pro-independence activists, indigenous people fighting to keep their customary lands and ordinary people who have become the object of state repression for no clear reason.

Bearing in mind the patterns of repression and police/military impunity that keep on repeating themselves in Papua, as demonstrated once more last April 5th, it is reasonable to believe that the Papuan people will face repression once more on 13th April.

For this reason we state that we fully support the Papuan people’s constitutional rights to freedom of expression. We also urge the joint police and military forces not to take repressive action against the Papuan people, and in particular against the major actions which will take place on 13th April

Respectfully,
Lembaga Bantuan Hukum (LBH) Jakarta, Human Rights Working Group (HRWG), Lembaga Studi dan Advokasi Masyarakat (ELSAM), Yayasan Pusaka, Yayasan Satu Keadilan, Imparsial, Honai Center, Lembaga Bantuan Hukum (LBH) Pers, Solidaritas Perempuan, The Convention on the Elimination of all
Forms of Discrimination Against Women (CEDAW) Working Group, Institut
Perempuan, Perempuan Mahardhika, Kongres Aliansi Serikat Buruh Indonesia (KASBI), Federasi Serikat Buruh Indonesia (FSBI), Federasi Sektor Umum Indonesia (FSUI), Federasi Buruh Lintas Pabrik (FBLP), Federasi
Pertambangan dan Energi (FPE), Federasi Serikat Pekerja Pulp dan Kertas
Indonesia (FSP2KI), Federasi Buruh Transport Pelabuhan Indonesia
(FBTPI), Serikat Pekerja Aneka Sektor Industri (SPASI), Gabungan Serikat
Buruh Independen (GSBI), Gabungan Solidaritas Perjuangan Buruh (GSPB),
Serikat Buruh Kerakyatan (SERBUK), Aliansi Buruh Kontrak Menggugat
(ABKM), Papua Itu Kita, Aliansi Mahasiswa Papua (AMP), Belantara Papua,
Perkumpulan Jubi, Indonesia Tanpa Militerisme (ITM), Gerakan Masyarakat
Sipil Melawan Kriminalisasi (Geram Kriminalisasi), Front Perjuangan
Rakyat (FPR), Partai Hijau Indonesia (PHI), Partai Pembebasan Rakyat
(PPR), Solidaritas Kebudayaan Masyarakat Indonesia (Sebumi), Konfederasi
Pergerakan Rakyat Indonesia DKI (KPRI DKI), Serikat Perjuangan Rakyat
Indonesia (SPRI), Komite Perlawanan Rakyat (KPR), Politik Rakyat, Urban
Poor Consortium (UPC), Jaringan Relawan Kemanusiaan (JRK), Jaringan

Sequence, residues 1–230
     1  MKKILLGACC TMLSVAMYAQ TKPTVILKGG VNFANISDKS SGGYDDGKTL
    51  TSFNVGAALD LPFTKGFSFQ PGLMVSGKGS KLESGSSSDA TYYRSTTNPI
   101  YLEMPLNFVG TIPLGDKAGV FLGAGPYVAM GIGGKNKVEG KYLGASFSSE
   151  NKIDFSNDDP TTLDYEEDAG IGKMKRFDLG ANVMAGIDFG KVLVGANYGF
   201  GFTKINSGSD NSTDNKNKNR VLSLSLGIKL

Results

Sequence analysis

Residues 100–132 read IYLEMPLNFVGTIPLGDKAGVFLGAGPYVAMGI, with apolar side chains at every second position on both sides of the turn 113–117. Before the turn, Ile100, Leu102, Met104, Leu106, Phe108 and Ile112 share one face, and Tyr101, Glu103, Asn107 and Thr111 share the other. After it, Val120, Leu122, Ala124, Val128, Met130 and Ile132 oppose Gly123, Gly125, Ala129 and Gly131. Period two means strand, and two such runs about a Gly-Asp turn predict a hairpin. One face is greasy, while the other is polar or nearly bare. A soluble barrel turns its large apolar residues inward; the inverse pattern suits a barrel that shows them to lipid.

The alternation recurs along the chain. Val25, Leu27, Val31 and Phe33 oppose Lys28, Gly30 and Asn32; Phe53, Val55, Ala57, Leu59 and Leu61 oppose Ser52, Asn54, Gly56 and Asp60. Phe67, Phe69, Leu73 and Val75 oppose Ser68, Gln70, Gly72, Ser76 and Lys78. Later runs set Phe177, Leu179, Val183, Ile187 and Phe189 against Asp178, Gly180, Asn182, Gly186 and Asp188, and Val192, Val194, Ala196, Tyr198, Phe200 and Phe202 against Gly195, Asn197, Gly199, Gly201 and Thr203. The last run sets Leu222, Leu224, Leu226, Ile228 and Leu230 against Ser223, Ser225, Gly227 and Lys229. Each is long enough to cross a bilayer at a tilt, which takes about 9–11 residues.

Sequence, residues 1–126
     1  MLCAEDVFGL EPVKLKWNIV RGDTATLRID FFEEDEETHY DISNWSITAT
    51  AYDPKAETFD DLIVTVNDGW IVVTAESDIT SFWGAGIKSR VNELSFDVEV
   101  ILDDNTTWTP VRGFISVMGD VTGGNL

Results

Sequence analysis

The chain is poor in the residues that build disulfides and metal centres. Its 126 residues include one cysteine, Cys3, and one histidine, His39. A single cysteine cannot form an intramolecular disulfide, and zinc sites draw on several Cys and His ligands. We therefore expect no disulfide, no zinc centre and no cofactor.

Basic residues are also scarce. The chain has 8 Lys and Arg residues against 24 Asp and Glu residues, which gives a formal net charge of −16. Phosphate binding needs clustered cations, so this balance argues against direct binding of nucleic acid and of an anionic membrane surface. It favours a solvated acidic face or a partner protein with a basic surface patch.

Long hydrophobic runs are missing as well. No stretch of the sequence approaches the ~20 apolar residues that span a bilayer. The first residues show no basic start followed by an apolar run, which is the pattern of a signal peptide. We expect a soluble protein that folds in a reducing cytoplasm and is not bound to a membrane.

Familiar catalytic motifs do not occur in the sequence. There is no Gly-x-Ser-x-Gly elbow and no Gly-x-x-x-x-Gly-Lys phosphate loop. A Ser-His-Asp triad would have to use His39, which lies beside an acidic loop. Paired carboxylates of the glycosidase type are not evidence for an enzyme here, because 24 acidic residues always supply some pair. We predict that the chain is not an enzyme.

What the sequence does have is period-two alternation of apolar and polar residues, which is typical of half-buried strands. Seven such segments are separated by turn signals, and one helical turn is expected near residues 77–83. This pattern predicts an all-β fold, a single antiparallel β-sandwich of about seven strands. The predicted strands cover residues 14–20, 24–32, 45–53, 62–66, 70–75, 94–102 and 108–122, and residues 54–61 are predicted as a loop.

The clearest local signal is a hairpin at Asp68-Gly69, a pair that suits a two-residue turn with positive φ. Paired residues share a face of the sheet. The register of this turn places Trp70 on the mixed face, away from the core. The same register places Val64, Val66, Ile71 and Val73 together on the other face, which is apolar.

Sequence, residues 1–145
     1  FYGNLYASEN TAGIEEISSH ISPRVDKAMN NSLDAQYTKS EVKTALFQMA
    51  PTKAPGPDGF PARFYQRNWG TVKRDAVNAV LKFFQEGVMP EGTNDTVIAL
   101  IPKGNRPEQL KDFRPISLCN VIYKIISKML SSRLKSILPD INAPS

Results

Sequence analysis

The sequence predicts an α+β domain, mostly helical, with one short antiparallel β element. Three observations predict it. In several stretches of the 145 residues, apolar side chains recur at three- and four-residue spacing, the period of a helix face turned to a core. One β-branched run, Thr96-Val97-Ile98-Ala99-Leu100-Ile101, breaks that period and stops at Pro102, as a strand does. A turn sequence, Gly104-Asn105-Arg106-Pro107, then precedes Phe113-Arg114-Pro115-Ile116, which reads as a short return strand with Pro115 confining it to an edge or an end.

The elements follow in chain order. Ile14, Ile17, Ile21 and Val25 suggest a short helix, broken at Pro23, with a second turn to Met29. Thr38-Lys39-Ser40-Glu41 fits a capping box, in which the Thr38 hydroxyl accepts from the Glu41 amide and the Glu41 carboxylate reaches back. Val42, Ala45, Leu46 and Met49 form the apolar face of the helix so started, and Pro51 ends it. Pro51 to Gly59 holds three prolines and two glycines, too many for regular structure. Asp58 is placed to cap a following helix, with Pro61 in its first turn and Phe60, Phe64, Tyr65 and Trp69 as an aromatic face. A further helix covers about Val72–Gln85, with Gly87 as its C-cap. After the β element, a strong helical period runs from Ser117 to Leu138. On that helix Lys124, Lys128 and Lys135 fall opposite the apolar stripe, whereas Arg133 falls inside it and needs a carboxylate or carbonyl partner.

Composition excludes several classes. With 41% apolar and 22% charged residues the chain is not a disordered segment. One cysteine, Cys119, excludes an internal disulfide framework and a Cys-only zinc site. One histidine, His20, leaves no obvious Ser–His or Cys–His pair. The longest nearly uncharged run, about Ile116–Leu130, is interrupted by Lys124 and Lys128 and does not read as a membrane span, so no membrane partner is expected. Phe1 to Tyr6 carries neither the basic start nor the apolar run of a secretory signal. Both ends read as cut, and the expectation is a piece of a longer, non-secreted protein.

Rakyat Miskin Kota (JRMK), Mahasiswa Progresif Universitas Indonesia
(Semar UI), Federasi Mahasiswa Kerakyatan (FMK), Front Mahasiswa
Nasional (FMN), Forum Kesatuan Aksi Mahasiswa (FKAM) Universitas 17
Agustus Jakarta, Wilson Obrigados, Andreas Iswinarto, Bonnie Triyana

 

LP3BH’s Warinussy meets with US Ambassador on Manokwari visit

Briefing

January 19, 2016

by Yan Christian Warinussy

On Sunday 17th January 2016, I had the opportunity of meeting the United States Ambassador to Indonesia,  Robert Blake, during a visit
to Manokwari.

At the meeting which lasted about 45 minutes, Ambassador Blake
asked me about the views of my organisation, the LP3BH. Ambassador
Blake asked me about the general situation in West Papua and recent
developments as well as the human rights situation here in West Papua
and he also wanted to know about the policy of President Joko Widodo
towards Papua and West Papua.

I told the Ambassador that the situation here continues to be
highly unsatisfactory in view of the many cases of human rights
violations, none of which had been dealt with in a court of law.

I referred in particular to the various laws and regulations that
were now in force, such as Law on Human Rights 39/1999 and Law 26/2000 on Human Rights Courts. In addition, I drew his attention to Law 21/2001 on Special Autonomy for the Province of West Papua, as amended by Law 35/2008.

I referred in particular to a number of cases of grave human rights
violations such as the Wasior Case (2001), the Wamena Case (2002), the
Paniai Case (8th December (2014), the Tolikara Case (2015) when eleven
civilians were shot and wounded, whereas none of these cases has been
dealt with in a law court.

Ambassador Blake was very concerned about all these incidents and
the failure up to the present day by the Government of Indonesia to
deal with any these cases.

Ambassador Blake said that his government would guarantee that all
those who had ben responsible for these violations would be excluded
from any its governmental programmes related to education and human rights.

Speaking as a lawyer and a Human Rights Defender, I submitted a
written report to Ambassador Robert Blake, hoping that this would be
handed over to the US Government.

I also told Ambassador Blake that these matters were now being